Indian Catholic News

Vietnam jails toll road opponents

Protesters claim many such highways are benefiting vested financial interests rather than locals.

 
Police on July 30 stop people from entering a court in Bac Ninh Province of northern Vietnam where seven people were sentenced to prison terms over a protest that blocked a controversial toll road. (Photo supplied)
Vietnam: 

A court in northern Vietnam has convicted an anti-corruption activist and six others opposing a toll road for creating 'public disorder' and sentenced them to imprisonment.

The state-run Nguoi Lao Dong newspaper reported on July 30 proceedings of the People's Court of Que Vo District in Bac Ninh Province, which is located near the communist nation's capital, Hanoi.

The newspaper said that activist Ha Van Nam, 38, was handed a term of two and a half years imprisonment after the court found that in December he incited others to repeatedly block traffic at the then newly constructed Pha Lai tollbooth.

That resulted in disruption to traffic on the highway connecting the three northern provinces of Bac Ninh, Hai Duong and Quang Ninh.

The protesters maintained that the road-use charges were unfair to local residents.

The six other defendants, aged 26 to 33, were given prison sentences ranging from one and a half to three years.

The seven defendants were also ordered to pay 23 million dong (US$1,000) as compensation to the tollbooth operator.

Police and security officers maintained video surveillance and stopped relatives and supporters from entering the court building where the trial took place.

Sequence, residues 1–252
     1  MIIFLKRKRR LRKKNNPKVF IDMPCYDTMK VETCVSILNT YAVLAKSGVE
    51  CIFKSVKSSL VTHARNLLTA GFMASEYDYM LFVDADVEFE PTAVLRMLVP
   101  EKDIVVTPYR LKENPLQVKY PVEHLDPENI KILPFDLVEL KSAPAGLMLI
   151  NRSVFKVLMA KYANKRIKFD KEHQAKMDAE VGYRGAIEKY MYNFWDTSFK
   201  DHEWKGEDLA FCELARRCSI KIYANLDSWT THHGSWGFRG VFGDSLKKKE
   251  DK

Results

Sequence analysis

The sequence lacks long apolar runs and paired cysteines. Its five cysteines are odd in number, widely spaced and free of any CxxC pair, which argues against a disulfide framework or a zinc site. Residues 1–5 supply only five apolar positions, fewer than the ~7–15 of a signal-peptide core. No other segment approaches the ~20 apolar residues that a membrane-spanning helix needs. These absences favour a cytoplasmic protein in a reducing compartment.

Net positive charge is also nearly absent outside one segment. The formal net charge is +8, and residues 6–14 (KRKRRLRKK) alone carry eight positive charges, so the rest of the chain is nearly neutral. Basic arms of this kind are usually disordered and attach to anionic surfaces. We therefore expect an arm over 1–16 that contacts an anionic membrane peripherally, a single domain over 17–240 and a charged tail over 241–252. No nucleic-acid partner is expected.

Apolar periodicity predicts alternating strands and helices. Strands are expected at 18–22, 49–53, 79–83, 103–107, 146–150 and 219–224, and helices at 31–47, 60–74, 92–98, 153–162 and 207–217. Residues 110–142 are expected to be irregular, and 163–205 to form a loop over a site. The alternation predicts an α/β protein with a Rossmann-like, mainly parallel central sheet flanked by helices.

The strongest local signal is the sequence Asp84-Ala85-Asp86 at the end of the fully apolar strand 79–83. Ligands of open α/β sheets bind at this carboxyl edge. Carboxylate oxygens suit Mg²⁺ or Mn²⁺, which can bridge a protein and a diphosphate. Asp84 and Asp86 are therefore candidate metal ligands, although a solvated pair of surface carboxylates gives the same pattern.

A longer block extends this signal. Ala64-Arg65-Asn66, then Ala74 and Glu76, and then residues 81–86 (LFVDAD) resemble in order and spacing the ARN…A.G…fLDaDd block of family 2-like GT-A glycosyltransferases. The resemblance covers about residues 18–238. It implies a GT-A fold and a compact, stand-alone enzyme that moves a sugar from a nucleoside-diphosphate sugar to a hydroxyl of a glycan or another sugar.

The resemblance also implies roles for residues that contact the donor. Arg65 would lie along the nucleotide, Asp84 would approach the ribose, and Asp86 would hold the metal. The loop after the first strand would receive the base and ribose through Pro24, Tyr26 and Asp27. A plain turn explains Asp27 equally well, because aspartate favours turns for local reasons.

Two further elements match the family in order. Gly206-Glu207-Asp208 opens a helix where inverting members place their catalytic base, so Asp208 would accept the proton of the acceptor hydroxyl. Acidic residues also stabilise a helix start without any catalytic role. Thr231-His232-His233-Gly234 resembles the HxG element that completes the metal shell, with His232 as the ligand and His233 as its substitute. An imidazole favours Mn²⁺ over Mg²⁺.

Outside the court, protesters shouted slogans such as "Free Nam" and claimed that he and the others were victims of vested financial interests.

Nam, a Hanoi resident, has in the past used social media outlets to oppose other toll roads.

Supporters say that before his arrest in March, Nam was abducted and brutally beaten by unidentified men wearing civilian clothes.

Local activists have accused government officials of benefiting from links with companies building and operating toll roads.

By 2017, Vietnam had some 88 toll stations on roads funded by investors under Build Operate and Transfer (BOT) schemes.

Before the latest trial, Amnesty International said Nam's alleged crime was simply to criticize rampant corruption in hugely popular live streams.

Nam was peacefully reporting allegations of injustice, human rights violations and corruption in Vietnam, Joanne Mariner, the group's Senior Crisis Adviser, said when calling for him to be unconditionally released from prison.

Source: UCAN

Top Stories